I still think "lads" is a better translation for hoši than "boys" but I already lost this argument once on here. It's a particularly good rendering if you are talking about football teams actually, as someone mentions....
However in this particular sentence boys does work better than lads.
I'm not sure if it's correct to say "The boys are strange," too. Does the Czech sentence imply that boys, in general, are strange? Or could someone say this sentence to refer to a particular group of boys in the vicinity, calling them strange, without the statement offering commentary on boys elsewhere?
I do think the Czech sentence implies that all boys are strange and therefore, "The boys are strange." should be marked as incorrect. In order to refer to a particular group of them, you'd have to include a pronoun, like "Ti/Tito/Tamti hoši...", etc. Also keep in mind, that "hoši" is just one of the possible translations (and IMO not the most frequently used - I'd suggest "chlapci" or "kluci" instead).
I believe you mean demonstrative adjective, modifying boys ten ta to, ti ty ta
The, this & that, these & those are interesting. I see these five all as articles. The is considered a definite article in English. The boy. This or that boy also has that function but serves to further determine or define "boy", so I use it as a stronger article and consider it an article. You know, if the shoe fits, you wear it. Either way, whatever you want to call them, attached to the noun they define it, and alone they become the noun.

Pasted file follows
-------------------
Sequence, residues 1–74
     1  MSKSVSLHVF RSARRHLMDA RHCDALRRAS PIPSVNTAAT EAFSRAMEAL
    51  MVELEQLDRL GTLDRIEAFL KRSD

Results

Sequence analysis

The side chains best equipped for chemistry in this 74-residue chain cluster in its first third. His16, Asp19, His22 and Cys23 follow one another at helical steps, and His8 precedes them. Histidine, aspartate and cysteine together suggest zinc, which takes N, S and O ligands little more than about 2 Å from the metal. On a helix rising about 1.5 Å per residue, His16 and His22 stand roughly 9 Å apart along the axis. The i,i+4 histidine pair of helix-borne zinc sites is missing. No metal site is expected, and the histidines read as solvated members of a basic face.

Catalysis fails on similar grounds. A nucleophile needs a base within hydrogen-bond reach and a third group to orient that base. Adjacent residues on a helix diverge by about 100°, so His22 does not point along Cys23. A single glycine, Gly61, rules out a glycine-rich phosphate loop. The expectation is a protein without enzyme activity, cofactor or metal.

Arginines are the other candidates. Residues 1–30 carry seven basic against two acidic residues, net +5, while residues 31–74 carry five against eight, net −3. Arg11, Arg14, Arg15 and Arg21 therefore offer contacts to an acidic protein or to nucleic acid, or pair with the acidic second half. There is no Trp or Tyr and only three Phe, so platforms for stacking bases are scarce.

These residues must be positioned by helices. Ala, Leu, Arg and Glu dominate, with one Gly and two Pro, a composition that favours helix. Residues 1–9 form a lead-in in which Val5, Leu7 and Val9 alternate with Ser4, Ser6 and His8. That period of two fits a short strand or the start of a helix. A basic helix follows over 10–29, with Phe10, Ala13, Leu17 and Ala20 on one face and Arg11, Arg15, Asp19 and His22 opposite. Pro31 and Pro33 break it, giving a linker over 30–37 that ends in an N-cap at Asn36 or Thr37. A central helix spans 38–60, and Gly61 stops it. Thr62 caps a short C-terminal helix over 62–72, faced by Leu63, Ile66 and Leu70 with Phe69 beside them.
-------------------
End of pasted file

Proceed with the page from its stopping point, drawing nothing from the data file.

Where they separate is where they are used alone. This & that, these & those, unlike "the", are able to also be nouns that stand alone. But when they modify a noun, the same way as 'the' does, I would call them a definite article.
This is my view and not to be considered 'medical' or 'legal' advice. ;D Please, if VladaFu or other mod wishes to comment, keep us on course. Is there simply no way to say The boys, those boys without "Ten jsou or Ti jsou?"
I think also an article like 'the' is a type of adjective since it clearly modifies the noun several ways, and that is another similarity with demonstrative adjectives (this, that, these, those).
The sentence certainly does imply that boys in general are strange. I am native Slovak speaker and the Slovak version of this would be Chalani sú zvláštni. Given the similarity of the languages, I can directly feel what the sentence implies, as I am passively fluent in Czech.